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Catherine BoylePrincipal AnalysteMarketer
The Snapchat Spectacle vending bot finally made its way to New York in December, and the eMarketer team got its hands on a pair of Spectacles. eMarketer principal analyst Catherine Boyle spent a week using them, then discussed the marketing potential of the new technology with Maria Minsker.
eMarketer: Now that you’ve experimented with Spectacles, what’s your impression of how the technology works?
Cathy Boyle: The product worked well. My first reaction was that the glasses were lighter than I expected. I expected there to be more technology in the glasses, and that they would feel heavy. I was also impressed by the battery life, and that the charging apparatus was built into the case.
I wasn’t sure how much audio the glasses could pick up, but it was surprisingly a lot. The glitch for me was not knowing when something was recording—there’s no signal when the glasses stop recording and that threw me off a little bit.
eMarketer: How does the device interact with the Snapchat app?
Boyle: It was problematic when I used them in an environment where I wasn’t connected to Wi-Fi, because I was worried that I would lose everything since it wasn’t automatically syncing to my app. When I reconnected to Wi-Fi and was able to upload everything, it was pretty seamless.
eMarketer: Do you see potential behind this technology from a marketing or advertising standpoint?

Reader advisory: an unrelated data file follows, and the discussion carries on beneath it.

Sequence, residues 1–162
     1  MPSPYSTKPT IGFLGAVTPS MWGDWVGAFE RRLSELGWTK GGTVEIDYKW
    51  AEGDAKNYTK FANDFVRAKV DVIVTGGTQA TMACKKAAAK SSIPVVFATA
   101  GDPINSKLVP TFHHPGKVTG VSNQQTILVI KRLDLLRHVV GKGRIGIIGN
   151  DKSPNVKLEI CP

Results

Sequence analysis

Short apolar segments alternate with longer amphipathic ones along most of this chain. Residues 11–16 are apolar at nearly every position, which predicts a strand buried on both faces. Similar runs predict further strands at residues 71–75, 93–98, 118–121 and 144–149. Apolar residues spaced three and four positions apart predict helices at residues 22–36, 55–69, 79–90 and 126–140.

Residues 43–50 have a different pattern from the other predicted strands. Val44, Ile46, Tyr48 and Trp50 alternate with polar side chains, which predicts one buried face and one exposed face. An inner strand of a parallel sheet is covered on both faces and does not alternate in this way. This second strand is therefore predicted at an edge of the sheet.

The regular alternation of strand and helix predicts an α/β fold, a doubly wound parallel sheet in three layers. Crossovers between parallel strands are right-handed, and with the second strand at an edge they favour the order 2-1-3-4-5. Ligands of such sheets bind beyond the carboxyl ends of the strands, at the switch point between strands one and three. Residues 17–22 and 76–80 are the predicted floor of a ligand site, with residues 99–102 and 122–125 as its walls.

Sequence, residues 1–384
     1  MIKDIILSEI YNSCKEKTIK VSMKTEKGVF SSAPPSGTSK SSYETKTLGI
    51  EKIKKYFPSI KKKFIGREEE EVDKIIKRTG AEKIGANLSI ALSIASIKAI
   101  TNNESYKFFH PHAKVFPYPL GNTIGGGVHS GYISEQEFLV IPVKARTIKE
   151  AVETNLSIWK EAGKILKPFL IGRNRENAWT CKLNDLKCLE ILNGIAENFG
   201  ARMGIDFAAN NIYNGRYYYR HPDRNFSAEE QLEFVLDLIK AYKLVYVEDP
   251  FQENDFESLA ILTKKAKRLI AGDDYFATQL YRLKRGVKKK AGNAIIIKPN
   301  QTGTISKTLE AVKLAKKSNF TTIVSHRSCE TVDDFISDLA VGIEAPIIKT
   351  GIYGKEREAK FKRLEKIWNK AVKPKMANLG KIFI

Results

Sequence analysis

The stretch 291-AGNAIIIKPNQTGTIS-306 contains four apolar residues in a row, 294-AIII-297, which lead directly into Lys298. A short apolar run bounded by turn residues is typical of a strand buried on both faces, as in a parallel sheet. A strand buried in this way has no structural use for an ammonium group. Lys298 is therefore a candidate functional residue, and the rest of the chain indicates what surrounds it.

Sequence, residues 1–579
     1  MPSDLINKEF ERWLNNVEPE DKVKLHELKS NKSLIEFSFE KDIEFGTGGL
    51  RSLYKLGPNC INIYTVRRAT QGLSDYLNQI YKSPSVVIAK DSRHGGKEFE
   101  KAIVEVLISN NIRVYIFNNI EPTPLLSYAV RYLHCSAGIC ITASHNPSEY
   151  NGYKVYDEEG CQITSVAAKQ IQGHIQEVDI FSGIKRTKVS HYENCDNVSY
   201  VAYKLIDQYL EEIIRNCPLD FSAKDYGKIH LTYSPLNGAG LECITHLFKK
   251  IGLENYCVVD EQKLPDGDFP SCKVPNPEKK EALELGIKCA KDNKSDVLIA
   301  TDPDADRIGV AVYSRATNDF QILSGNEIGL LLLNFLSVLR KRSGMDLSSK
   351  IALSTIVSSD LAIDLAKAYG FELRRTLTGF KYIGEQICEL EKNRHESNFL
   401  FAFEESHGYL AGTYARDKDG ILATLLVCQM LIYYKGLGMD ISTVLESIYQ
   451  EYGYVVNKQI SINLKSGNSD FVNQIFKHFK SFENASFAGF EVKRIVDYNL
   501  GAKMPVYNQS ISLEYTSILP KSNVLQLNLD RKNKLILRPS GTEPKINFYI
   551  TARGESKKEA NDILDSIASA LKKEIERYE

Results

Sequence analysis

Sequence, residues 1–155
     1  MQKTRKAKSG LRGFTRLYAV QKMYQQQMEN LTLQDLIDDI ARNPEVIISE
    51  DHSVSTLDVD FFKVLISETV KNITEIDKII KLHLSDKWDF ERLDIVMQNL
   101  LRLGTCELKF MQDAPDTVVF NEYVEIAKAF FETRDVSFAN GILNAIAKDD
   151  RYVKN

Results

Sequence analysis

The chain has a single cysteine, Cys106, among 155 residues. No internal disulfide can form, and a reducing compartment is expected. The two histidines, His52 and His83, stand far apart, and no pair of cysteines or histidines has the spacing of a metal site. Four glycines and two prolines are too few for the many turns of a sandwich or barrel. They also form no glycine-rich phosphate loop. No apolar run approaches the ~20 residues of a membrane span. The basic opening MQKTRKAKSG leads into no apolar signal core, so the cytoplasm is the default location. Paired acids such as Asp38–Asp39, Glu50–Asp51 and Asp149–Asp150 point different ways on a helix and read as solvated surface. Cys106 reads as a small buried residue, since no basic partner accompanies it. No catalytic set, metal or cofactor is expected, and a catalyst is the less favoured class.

Boyle: For advertisers, the real opportunity is content generation. Let’s assume for a minute that adoption is very wide. Suddenly the amount of user-generated content on Snapchat could grow exponentially because of the ease of Snapping with Spectacles.
From an advertiser’s standpoint, the more content there is and the more users are engaged with the app, the more places they can serve their ads.
For marketers, the challenge will be using the technology creatively to tell a brand’s story. Brands that have a spokesperson, for example, could leverage Spectacles in a way that provides a behind-the-scenes glimpse into an event. It would be a unique approach to content marketing because the technology delivers a very different perspective during filming.
eMarketer: Marriott partnered with Samsung Gear VR to loan out virtual reality headsets to hotel guests so they could film their vacations and generate content for the brand. Could Spectacles play a similar role for brands?
Boyle: I can definitely see that happening. It could work for travel brands, or at live events. The value is in people seeing what someone is experiencing that they aren’t. I can also see celebrity influencers using them—Snapchat already gives users glimpses into their lives, but if celebrities use Spectacles, then everything is from their point of view.
eMarketer: How do Spectacles stack up against other wearables, such as Google Glass?
Boyle: Spectacles are much more targeted at the average consumer, whereas Google Glass was seen as a real high-tech piece of technology. Spectacles are fashion first and technology second.
A lot of other popular wearables are fitness wristbands and activity trackers—they’re heavy on data collection. That’s valuable to brands, but there’s no real interface. There’s no real interface on Spectacles either, but they generate content, which is important.
If a brand can figure out how to become part of that story, that’ll be more powerful than what they can do with a fitness tracker.
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